Battery Swapping: EV Accelerant or Technological Dead End?
In a previous post, we explored the subtleties behind a variety of automated charging solutions. One of those options was unlike the others — battery swapping. Given the excitement around NIO, the recent unstealthing of Ample, and China’s endorsement of a national standard for battery swapping, it seemed appropriate to take a deeper dive into the technology. Is there a use case where battery swapping works?
As the prior post explained, battery swapping introduces a hornet’s nest of complexity, from extra components that reduce pack-level energy density to new reliability concerns from increased mating cycles and debris ingress. The biggest problem is convincing OEMs to share proprietary technical details in order to standardize the swapping technology, as both NIO and Ample are trying to do. This seems like a tall order when battery technology continues to improve and fast charging times steadily decrease.
On the other hand, battery swapping may be useful if you need a full charge in less than 20 minutes, which is likelier for vehicles that have to operate 24/7. For these fleets, the negative impact on energy density may be offset by higher uptime through swapping. Swapping older battery packs with newer, more advanced batteries may also protect fleet operators from lower residual values, a major barrier to EV adoption.
In summary, it seems that the ideal use case for battery swapping is high duty cycle fleets that can afford to trade performance of an individual pack for improved fleet-wide uptime. In this scenario, battery swapping companies would likely work with OEMs to incorporate less proprietary and cutting-edge battery technologies into fleet vehicles to bypass the business hurdles.
A deeper dive
To simplify things, let’s consider the use case of autonomous long-haul trucking. (Aurora recently announced its SPAC debut, so this is top of mind!) This year, TuSimple shaved 10 hrs off a typical 24-hr trip hauling fresh watermelons along a 951-mile route from Nogales, Arizona, to Oklahoma City.
If they would have used an electric Tesla Semi with 500 miles of range, they would have needed to charge twice during that time. Assuming future electric trucks are capable of ~1MW charging, these two charge sessions would add about an hour to the trip.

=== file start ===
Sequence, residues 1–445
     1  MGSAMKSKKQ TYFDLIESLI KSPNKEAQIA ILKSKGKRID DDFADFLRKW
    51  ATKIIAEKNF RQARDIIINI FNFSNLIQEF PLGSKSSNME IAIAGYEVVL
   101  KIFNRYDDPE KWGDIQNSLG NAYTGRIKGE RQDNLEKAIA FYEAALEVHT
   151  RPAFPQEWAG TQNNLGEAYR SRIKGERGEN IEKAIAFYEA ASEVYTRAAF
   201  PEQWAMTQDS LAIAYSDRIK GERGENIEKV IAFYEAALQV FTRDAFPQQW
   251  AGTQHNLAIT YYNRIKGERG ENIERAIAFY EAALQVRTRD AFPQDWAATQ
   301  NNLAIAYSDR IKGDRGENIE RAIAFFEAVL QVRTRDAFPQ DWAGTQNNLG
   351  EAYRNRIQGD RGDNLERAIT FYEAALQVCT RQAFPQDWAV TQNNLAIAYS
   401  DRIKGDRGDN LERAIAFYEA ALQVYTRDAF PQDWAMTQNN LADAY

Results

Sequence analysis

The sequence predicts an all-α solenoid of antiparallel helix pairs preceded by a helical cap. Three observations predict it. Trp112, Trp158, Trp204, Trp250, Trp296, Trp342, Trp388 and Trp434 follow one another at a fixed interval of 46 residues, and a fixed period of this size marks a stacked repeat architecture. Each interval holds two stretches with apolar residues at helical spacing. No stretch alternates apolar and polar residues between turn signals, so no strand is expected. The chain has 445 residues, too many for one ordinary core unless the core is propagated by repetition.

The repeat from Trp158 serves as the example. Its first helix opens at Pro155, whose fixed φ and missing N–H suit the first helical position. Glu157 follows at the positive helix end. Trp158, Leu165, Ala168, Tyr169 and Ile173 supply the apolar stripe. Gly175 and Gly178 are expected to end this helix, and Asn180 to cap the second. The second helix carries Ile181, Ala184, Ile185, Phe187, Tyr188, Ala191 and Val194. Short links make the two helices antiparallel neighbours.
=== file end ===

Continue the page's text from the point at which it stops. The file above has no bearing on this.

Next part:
In 2019, the average trucking revenue was about $1.58 per mile. Assuming the truck travels at an average speed of 70 miles per hour, the charging deadtime would have equated to $110 in lost revenue.
On the other hand, battery swapping could take about 15 minutes or less, according to practitioners like Nio and Ample. Two battery swaps would then take half an hour, equating to $55 in lost revenue.
Behind the curtain
However, the calculation isn’t that straightforward. Battery swapping stations would cost far more to install than DC fast chargers, even megawatt-level ones. (As an example, let’s estimate $400k for a single 800kW charger installation vs. $1M for a battery swapping station.)
Vehicle integration NRE would still be required, although the costs for a standardized modification of a relatively known technology (e.g. LFP) might be far less than a custom design for a cutting edge battery chemistry. (Let’s estimate $1M for the former and $10M for the latter.)
We’d also need more battery packs than vehicles so that there’s always a charged pack ready to be swapped. (Let’s say this number is roughly 15%.)
These upfront costs are significant — to support a thousand vehicles, battery swapping stations could cost between $30–50M more than megawatt-level DC fast chargers. Fortunately, the time savings from battery swapping are enormous. A back-of-the-envelope calculation shows that it would take less than two years to pay back the initial CapEx difference!
In light of this, battery swapping looks very promising, but it’s surprising that current battery swap operators are focusing on private vehicles (NIO) or ridesharing and delivery fleets (Ample). All of these applications have significant downtime that can be leveraged for normal charging, eliminating the biggest benefit of battery swapping.
Or perhaps it’s not that surprising, given the limited types of electric vehicles on the market. If the right integration model is found — perhaps leveraging older technology that doesn’t require structural integration with the vehicle — swapping could significantly accelerate the electrification of heavy duty cycle fleets.
As always, this was a back-of-the-envelope pass, so let me know if there’s something I missed. Should the economics be calculated differently? Is there another use case that makes sense for battery swapping? If so, let me know in the comments!
Note: At the time of writing this post, I work at Cruise on charging and energy infrastructure. This post relies solely on publicly available information and represents my own opinion only, not that of Cruise or any other organization.